Prosecution for pedicure – infectious disease expert witness testifies
An infectious disease expert witness was recently called on board in Hoff v. Steiner Transocean, Ltd. to testify about the source of infection on the Plaintiff’s feet, which, Plaintiff asserted, was caused by a pedicure he had on a cruise ship. Despite the Daubert challenges made by Defendant, the Florida district court held the expert testimony was perfectly admissible and denied all motions to exclude.
Particulars of the case
In this unique case, Plaintiff Thor Frederik Hoff alleged that he suffered a serious infection after receiving a pedicure aboard a cruise ship at a spa operated by Defendant Steiner Transocean, Ltd. Defendant moved to strike the report of Plaintiff’s infectious disease expert witness, Dr. Donald Thea and claimed summary judgment on the grounds that the opinion of the expert was “mere speculation” and provided insufficient support for Plaintiff’s contention that the infection he contracted was caused by the pedicure. The expert’s failure to rule out other possible causes of infection, such as an insect bite or athlete’s foot; and his relying solely on the timing of the disease was also contested. In other words, Defendant challenged the expert testimony of Dr. Thea on the reliability prong of the Daubert test.
What was the opinion of the expert?
In his report, Dr. Thea categorically stated that the source of entry of Plaintiff’s infection was his right foot and that the infection was caused by one of the pedicures Plaintiff received while on board the ship. In support of his opinion, Dr. Thea noted that Plaintiff had two pedicures while on the cruise, the first one of which resulted a small laceration to his right middle toe that bled for several minutes; and after the second one, Plaintiff became symptomatic, experiencing pain and general malaise. The symptoms subsequently worsened over the next two days, resulting in Plaintiff’s being hospitalized on the third day. Based on the hospital records and the nature and progression of Plaintiff’s symptoms, Dr. Thea then opined that Plaintiff suffered from right-leg cellulitis, a bacterial infection of the skin.
Explaining, he said cellulitis was caused by the entry of bacteria through breaches in skin barrier. While those breaches might be clinically unapparent, Dr. Thea stated that such abrasions resulted from a “certain degree of trauma” or “some sort of physical injury.” Because nothing else in the record indicated that Plaintiff had any other abrasions or injury on his foot, the expert deduced that the infection resulted from the significant manipulation of his toes and cuticles during the pedicure.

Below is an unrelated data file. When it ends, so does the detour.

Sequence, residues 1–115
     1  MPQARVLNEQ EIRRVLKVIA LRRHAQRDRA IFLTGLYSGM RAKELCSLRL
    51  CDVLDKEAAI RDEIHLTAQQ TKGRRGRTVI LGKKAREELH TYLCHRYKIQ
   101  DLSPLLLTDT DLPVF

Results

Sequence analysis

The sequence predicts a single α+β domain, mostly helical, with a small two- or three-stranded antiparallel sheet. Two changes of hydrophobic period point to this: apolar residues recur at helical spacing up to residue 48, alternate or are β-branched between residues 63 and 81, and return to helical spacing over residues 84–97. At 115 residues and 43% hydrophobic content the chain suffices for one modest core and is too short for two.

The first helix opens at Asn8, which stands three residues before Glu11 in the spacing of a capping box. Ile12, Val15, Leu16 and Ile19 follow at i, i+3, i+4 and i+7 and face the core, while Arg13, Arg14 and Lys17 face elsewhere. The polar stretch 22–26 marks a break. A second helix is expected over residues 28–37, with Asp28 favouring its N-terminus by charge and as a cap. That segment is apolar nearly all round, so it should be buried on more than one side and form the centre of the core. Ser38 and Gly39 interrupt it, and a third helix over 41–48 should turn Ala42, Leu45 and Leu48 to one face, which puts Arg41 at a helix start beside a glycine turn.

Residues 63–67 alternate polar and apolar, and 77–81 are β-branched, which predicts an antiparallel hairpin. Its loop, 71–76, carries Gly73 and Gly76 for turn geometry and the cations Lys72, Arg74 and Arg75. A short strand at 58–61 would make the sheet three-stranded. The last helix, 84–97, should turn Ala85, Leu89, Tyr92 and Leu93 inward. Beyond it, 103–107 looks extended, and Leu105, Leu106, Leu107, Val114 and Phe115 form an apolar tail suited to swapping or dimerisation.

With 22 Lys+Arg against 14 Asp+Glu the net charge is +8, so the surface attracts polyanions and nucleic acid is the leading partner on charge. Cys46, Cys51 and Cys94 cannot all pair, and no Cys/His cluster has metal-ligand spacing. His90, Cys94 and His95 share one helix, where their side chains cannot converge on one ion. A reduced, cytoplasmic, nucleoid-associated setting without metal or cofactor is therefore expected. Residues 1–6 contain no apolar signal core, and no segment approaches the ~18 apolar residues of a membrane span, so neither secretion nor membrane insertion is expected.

Additionally, the expert noted that Plaintiff suffered from lymphangitis, which occured when an infection infiltrated the body from a distal location, entered the lymphatic channel and ascended towards the body’s regional lymph node. This was consistent with Plaintiff’s reports of pain in his right groin, as it was subsequently determined that the lymph node in his groin was inflamed. The expert further gleaned that since this type of infection progressed upwards on the body, it implied the portal of entry must have been located far enough down Plaintiff’s leg to explain the infection of the foot, and concluded the location as Plaintiff’s toe.
Was the Court convinced?
After reviewing Dr. Thea’s report, the deposition transcript, and his testimony at the evidentiary hearing, the Court decided that Dr. Thea’s opinion was not based merely on the timing of the infection, but also on the basis of the progression and nature of the illness. While Dr. Thea did indeed note that the incubation period for the infection conformed with the timing of Plaintiff’s symptoms, he also relied upon his knowledge of how such infections occur and develop. Ruling out other causes of infection was also unnecessary in this context, because, other than the cut on Plaintiff’s left foot, Plaintiff had complained of no other injury to his feet, and the medical records were devoid of any reference to other abrasions. The fact that pedicures involved significant manipulation of the cuticle, coupled with Plaintiff’s prior laceration, led Dr. Thea to conclude that the pedicure was the cause of infection. This, the Court ruled, was sufficient under Daubert.
However, the Court did not make any determination on the weight that Dr. Thea’s testimony should be accorded, nor did it opine that Dr. Thea’s report was perfect in every respect. What it stressed upon was that Dr. Thea’s experience and training provided sufficient indicia of reliability for his opinions based on them to survive a Daubert inquiry. The gaps in his report, as pointed out by Defendants, were not a basis for excluding the testimony in this case, and Defendant was asked to make those same arguments at trial. Rather, since Defendant argued that “Plaintiff had a number of conditions that predisposed him to such an ailment” – the Court noted a genuine issue of material fact existed, and held summary judgment was inappropriate.
**Written for the web by the EWG Editorial Team